Beca, a freshman at Barden University, is cajoled into joining The Bellas, her school's all-girls singing group. Injecting some much needed energy into their repertoire, The Bellas take on their male rivals in a campus competition.
Rosie and Alex have been best friends since they were 5, so they couldn't possibly be right for one another...or could they? When it comes to love, life and making the right choices, these two are their own worst enemies.
Lara Jean Covey writes letters to all of her past loves, the letters are meant for her eyes only. Until one day when all the love letters are sent out to her previous loves. Her life is soon thrown into chaos when her foregoing loves confront her one by one.
Peter Kavinsky saving the bowl of popcorn during the pillow fight with Kitty was improvised by Noah Centineo. See more »
The camera shows Peter smiling when he takes the selfie with Lara Jean kissing his cheek, but in the photo uploaded to Instagram, he is sticking his tongue out. See more »
The forbidden kiss. We knew that it was wrong, that he was betrothed to my sister. But if this wasn't what he wanted, then why did he come to the field of desire? It was fated that we should meet like this
[pillow hits Lara Jean in the face]
See more »
There is a mid credit scene in which the recipient of the fifth letter shows up at Lara Jean's house. See more »
Netflix has been scorching the rom-com game this summer. As other major movie studios have neglected this beloved genre, Netflix has capitalized on this underserved market by releasing a steady stream rom-coms just about every week. The latest, 'To All the Boys I've Loved Before,' is perhaps the best yet.
Sometimes, I just want a movie that will make me smile. It's such a simple wish that often goes unfulfilled when watching movies. But not this time. During this movie, I couldn't stop smiling. I smiled so much that it made my mouth sore.
Lara Jean (Lana Condor), a delightful 16-year-old who doesn't realize how delightful she is, lives her love life in fantasyland. She enjoys romantic novels and daydreaming about love, but she's afraid to pursue it in real life. She's forced to reckon with this when the five love letters she wrote to her crushes are mysteriously (but not really mysteriously because the culprit is obvious) mailed to each of them.
One letter went to (gasp!) her sister's ex-boyfriend Josh (Israel Broussard), who Lara Jean has secretly crushed on for years. Another went to Peter, the ex-boyfriend of Lara Jean's nemesis.
This guy who plays Peter, Noah Centineo, looks to be one of the breakout stars of 2018. He's ridiculously charming in a Mark Ruffalo kind of way. He will also star in the upcoming Netflix film, 'Sierra Burgess is a Loser,' so look for more big things from him in the future.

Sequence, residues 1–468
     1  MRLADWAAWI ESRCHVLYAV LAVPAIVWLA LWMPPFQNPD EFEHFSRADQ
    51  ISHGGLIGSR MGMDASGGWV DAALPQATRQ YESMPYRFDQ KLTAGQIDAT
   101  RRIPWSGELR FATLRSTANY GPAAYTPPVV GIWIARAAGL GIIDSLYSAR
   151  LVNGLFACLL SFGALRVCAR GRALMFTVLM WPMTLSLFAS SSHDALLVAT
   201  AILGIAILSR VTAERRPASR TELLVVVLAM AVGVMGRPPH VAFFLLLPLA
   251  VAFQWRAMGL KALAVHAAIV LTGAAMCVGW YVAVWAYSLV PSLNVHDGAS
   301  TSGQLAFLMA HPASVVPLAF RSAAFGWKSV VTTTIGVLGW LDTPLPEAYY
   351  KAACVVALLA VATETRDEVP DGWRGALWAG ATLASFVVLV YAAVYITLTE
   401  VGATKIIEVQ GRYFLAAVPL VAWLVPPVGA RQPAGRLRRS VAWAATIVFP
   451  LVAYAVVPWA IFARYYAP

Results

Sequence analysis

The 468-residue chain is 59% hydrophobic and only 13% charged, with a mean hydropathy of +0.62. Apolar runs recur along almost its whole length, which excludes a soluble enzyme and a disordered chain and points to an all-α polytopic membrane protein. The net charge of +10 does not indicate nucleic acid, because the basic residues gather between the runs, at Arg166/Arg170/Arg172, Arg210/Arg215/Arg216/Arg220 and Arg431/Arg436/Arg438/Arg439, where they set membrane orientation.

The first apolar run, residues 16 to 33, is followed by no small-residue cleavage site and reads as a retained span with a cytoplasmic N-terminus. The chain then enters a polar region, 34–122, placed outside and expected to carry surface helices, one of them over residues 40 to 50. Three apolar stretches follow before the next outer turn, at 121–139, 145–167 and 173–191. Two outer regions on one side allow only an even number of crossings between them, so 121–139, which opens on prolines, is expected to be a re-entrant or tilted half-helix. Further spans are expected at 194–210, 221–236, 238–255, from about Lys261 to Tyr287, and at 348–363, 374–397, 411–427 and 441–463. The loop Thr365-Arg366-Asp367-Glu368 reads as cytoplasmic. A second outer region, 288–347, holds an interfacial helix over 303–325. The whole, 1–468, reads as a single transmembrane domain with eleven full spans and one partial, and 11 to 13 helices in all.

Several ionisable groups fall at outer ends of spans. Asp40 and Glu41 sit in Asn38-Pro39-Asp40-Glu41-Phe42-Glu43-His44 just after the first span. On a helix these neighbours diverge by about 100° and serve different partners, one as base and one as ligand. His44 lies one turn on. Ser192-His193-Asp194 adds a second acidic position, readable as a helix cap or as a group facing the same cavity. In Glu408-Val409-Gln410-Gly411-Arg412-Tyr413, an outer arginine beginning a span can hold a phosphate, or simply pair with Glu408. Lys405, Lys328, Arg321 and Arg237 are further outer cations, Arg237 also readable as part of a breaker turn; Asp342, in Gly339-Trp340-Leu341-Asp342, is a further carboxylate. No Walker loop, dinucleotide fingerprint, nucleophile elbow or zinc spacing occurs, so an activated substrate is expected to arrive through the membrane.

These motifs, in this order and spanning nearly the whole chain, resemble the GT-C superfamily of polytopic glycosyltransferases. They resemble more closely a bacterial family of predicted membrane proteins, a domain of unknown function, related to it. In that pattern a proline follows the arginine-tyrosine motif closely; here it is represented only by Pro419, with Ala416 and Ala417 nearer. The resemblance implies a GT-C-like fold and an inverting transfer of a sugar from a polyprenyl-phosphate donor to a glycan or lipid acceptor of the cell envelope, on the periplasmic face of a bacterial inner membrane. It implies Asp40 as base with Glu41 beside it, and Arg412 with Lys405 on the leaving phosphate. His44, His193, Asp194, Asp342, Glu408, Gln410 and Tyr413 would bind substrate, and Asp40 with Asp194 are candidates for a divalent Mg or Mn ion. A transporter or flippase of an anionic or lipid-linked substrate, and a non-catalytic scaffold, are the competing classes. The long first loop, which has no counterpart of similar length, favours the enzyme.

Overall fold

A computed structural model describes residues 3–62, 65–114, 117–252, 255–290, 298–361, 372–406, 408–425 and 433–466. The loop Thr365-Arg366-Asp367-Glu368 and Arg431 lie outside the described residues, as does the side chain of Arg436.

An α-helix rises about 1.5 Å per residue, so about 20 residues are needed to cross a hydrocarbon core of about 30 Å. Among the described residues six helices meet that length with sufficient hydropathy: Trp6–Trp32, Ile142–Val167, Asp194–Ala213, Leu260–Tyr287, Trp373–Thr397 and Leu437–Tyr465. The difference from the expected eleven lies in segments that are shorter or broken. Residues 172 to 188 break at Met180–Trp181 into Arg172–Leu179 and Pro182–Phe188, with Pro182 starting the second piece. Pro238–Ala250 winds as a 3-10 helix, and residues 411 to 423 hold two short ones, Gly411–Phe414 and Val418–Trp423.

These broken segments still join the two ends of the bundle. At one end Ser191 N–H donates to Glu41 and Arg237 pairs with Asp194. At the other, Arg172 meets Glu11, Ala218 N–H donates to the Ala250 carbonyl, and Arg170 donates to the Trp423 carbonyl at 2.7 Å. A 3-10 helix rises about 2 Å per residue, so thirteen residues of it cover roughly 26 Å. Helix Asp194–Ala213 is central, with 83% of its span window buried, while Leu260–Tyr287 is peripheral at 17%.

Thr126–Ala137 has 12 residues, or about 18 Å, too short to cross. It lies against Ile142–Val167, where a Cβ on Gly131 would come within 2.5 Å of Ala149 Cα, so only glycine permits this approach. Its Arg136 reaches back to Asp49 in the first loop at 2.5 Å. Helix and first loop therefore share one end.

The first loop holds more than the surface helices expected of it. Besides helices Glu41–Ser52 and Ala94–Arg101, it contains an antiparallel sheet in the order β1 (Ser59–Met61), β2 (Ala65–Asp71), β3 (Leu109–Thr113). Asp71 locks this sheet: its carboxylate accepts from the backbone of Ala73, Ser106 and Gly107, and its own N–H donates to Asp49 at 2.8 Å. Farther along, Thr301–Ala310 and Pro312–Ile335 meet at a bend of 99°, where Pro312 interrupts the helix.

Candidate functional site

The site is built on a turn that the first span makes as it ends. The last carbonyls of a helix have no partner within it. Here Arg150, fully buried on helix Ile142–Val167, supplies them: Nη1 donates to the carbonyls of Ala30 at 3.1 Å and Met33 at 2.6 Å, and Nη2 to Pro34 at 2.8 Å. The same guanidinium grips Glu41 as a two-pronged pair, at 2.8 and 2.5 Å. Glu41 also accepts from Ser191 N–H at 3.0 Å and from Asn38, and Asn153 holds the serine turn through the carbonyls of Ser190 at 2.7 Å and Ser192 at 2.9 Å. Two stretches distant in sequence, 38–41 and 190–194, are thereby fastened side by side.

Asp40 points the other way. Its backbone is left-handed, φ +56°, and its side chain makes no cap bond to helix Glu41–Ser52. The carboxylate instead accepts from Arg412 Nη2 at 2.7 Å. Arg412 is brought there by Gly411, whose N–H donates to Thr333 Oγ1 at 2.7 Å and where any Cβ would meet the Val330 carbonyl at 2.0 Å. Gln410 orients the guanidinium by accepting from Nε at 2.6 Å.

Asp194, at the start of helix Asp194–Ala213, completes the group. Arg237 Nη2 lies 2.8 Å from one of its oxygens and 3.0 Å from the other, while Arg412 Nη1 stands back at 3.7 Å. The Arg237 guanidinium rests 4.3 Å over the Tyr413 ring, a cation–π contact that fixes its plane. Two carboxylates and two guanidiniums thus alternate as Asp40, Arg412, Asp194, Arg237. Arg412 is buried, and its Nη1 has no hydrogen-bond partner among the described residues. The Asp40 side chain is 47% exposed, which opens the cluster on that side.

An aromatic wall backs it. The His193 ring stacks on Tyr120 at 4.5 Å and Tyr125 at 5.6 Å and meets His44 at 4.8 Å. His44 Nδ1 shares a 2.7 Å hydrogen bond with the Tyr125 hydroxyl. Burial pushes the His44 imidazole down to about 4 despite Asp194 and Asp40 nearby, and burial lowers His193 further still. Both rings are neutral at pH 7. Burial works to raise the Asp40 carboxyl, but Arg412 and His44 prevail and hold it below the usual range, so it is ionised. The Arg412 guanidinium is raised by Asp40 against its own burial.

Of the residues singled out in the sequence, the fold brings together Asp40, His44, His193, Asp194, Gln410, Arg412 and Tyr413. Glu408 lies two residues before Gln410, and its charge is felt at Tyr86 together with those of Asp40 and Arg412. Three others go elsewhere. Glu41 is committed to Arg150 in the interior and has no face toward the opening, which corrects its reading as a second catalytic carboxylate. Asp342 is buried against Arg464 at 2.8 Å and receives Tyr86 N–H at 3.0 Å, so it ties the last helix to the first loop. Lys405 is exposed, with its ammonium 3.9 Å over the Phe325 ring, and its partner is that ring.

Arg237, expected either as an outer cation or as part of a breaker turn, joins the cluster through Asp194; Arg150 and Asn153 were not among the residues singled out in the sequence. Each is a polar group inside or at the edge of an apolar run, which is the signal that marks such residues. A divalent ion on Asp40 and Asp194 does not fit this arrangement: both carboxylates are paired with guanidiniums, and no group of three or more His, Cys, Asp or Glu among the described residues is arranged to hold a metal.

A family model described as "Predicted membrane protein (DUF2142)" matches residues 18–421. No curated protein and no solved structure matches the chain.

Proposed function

After finding out that she likes (or at least used to like) him, Peter suggests he and Lara Jean enter into a fake relationship. It's perfect-he can make his ex-girlfriend jealous, and she can convince everyone that she isn't in love with Josh. The two of them make rules, ones that seem destined to be broken at just the right moment. Even in the earliest stages of the fake relationship, they have obvious chemistry, both as characters and actors. Condor is a bit flat in her performance, but Centineo effortlessly lifts her up, and lifts up everyone, really, each time he appears on screen.
The story is decidedly 2018. The dialogue includes biting remarks like, "you don't even post about me on Instagram anymore!" Instagram comes up a lot. The litany of present-day references and apparent progressiveness of the overall film made me wonder why the writers made the Asian girl a terrible driver. Is it supposed be that self-aware type of joke that pokes fun at a silly stereotype? Maybe, but it didn't play that way.
The only real complaint I have is the casting of Lara Jean's sister. The actress is 30 years old and looks old enough to be Lara Jean's mom. That opening scene becomes confusing very quickly when this 30-year-old woman kisses her teenage boyfriend, and we find out that we're supposed to believe she's 18. Fortunately, the sister leaves for college, and we can forget about how weird that moment was.
'To All the Boys' likely won't surprise viewers with any twists-it's not going for that. But, it remains charming throughout, even if it has its ebbs and flows. Once the story passes the effervescent 30-minute opening spurt, it goes somewhat flat. It's like a soda that's lost its fizz-it's still sweet and pleasant enough, but it's not quite the same. Though I must admit, I gobbled it all up, even the hokey message about putting yourself out there because you never know what might happen.
Bottom line: the movie is delightful. I'm smiling now just thinking about it. Give it a watch. You'll be glad that you did.
49 of 70 people found this review helpful.
Was this review helpful to you?
| Report this